Sophos, a provider of network and endpoint security technology, has released its cybersecurity predictions for 2016.
Mobile threats will become more than just headline-grabbers
2016 will see an increase in the number of Android exploits becoming weaponized (as opposed to bugs like Stagefright which was heavily reported earlier in 2015 but was never fully exploited). There are significant vulnerabilities in the Android platform which may take months to patch. SophosLabs has already seen samples that go to extreme lengths to avoid App Store detection and filtering—giving malicious Apps a better chance of surviving on App stores. iOS is also likely to get into the line of fire as we’ve already seen the Apple App Store get hit a few times this year.
IoT platforms – not yet the weapon of choice for commercial malware authors – but business beware
Advent of IoT (Internet of Things) has already produced scary stories on webcams, baby monitors, children’s toys and even cars being easy targets for hackers. However, we won’t see widespread IoT exploits anytime soon. What we will see is more research and Proof of Concepts demonstrating that non-vendor code can be installed on these devices because of insufficient validations (lack of code-signing, susceptibility to Man in the Middle-class exploitations) by the IoT vendors. We can also expect an increase in data-harvesting/leakage attacks against IoT devices to eventually attain information like video/audio feeds, stored files, credential information for logging into cloud services, etc. Notably, security concerns on IoT will move beyond industrial control systems (e.g. SCADA) and threats may target other connected / IoT devices.
SMBs will become a bigger target for cybercriminals
A recent PwC report revealed that 74 percent of Small and Medium Businesses (SMBs) experienced a security issue in the last 12 months, and this number will only increase due to SMBs being perceived as easy targets.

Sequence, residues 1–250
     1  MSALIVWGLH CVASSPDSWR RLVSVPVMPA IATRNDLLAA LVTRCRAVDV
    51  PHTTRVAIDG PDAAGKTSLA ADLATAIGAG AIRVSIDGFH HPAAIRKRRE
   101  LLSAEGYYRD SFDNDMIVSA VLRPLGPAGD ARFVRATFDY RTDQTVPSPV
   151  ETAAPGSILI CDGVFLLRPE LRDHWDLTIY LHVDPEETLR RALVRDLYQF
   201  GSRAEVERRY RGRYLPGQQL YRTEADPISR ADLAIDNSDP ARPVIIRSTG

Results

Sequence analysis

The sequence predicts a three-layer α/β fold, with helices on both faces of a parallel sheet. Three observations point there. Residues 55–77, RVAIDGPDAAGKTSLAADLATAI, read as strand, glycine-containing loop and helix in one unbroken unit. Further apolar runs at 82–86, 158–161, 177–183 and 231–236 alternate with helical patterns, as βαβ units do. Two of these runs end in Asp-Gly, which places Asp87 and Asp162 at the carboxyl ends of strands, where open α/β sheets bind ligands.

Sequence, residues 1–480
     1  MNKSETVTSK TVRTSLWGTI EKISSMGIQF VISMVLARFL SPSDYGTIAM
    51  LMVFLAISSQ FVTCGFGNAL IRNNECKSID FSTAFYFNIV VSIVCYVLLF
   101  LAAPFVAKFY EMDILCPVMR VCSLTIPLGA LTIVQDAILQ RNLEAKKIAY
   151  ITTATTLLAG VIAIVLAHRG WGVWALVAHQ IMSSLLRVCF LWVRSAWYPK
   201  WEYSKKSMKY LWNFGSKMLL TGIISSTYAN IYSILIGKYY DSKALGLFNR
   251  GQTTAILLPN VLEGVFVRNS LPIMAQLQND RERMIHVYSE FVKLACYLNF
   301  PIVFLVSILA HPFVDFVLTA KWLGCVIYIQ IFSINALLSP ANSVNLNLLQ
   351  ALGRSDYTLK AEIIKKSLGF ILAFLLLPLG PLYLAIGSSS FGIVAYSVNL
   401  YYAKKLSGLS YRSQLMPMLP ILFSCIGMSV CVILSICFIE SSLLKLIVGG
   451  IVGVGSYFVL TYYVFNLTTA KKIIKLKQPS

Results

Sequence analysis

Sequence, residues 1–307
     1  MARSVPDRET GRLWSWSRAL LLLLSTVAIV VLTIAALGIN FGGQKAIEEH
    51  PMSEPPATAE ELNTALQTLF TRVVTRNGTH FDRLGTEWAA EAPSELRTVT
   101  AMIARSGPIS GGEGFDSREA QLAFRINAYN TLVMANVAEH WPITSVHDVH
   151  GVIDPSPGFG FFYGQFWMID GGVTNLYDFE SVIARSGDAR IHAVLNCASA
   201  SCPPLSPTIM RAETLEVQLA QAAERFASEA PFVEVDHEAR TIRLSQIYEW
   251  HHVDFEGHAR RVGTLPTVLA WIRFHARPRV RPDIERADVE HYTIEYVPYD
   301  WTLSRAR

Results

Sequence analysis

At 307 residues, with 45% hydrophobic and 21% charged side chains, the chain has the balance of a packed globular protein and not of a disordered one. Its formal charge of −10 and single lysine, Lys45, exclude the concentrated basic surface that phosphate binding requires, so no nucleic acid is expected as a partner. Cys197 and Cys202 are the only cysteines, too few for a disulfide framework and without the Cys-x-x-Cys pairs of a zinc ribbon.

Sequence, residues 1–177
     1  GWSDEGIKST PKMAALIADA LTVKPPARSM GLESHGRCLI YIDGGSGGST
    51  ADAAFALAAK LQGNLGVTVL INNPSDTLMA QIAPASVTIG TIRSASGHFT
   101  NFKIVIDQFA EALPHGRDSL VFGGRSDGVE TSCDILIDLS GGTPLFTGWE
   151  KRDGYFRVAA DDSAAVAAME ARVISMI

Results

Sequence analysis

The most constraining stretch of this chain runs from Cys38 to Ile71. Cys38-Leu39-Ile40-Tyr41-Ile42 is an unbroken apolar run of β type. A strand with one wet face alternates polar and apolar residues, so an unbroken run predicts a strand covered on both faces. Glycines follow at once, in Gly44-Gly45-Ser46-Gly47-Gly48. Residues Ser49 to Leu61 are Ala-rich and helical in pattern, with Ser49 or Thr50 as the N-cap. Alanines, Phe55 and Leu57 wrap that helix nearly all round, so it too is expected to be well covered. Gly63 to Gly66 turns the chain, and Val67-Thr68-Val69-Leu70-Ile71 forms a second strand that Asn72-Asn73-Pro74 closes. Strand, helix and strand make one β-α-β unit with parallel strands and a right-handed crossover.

Data protection legislation changes will lead to increased fines for the unprepared
In 2016, the pressure on business to secure customers’ data will increase as the EU data protection legislation looms closer. Fear of facing penalties is likely to have far reaching impact on how businesses deal with security. Two major changes will be the EU General Data Protection Regulation (GDPR), and the Investigatory Powers Bill in the UK. The EU Data Protection regulation will come fully into force across Europe by the end of 2017, so companies need to start preparing in 2016.
VIP Spoofware will raise more havoc
We’ll see a growth in the use of VIP spoof wire transfers as we move into 2016. Hackers are becoming increasingly talented at infiltrating business networks to gain visibility of personnel and their responsibilities, and then using this information to trick staff for financial gain.
Ransomware to gain momentum
Ransomware will continue to dominate in 2016. Attackers will increasingly threaten to go public with data, rather than just taking it hostage and we have already seen websites being held ransom to DDoS. Many Ransomware families are using Darknets for either command or control or for receiving payments, as we saw with the likes of CryptoWall, TorrentLocker, TeslaCrypt, Chimera, and many more in 2015.
Social engineering to remain lethal as ever
As always, Social Engineering attacks will continue to remain a major concern for security practitioners, as attackers continue to utilize same old practices for weaving their attacks. This again emphasizes the need for effective training and awareness programs to counter such attacks.
Both bad and good guys will be more coordinated
The bad guys will continue to use coordinated attacks but the cyber security industry will make significant strides forward with information sharing.
Commercial malware authors will continue to invest heavily
Commercial malware authors will continue to reinvest at ever greater rates, bringing them towards the ‘spending power’ of nation-state activity. This includes purchasing zero days. These bad guys have lots of cash and they are spending it wisely.
Exploit kits will continue to dominate on the web
Exploit kits, like Angler (by far the most prevalent today) and Nuclear, are arguably the biggest problem we have on the web today as far as malware goes and this looks set to continue thanks to the thousands and thousands of poorly secured websites out there on the internet. Cyber criminals will exploit where they can most easily make money and therefore exploit kits have simply become stock tools of the trade, used by criminals to attempt to infect users with their chosen malware.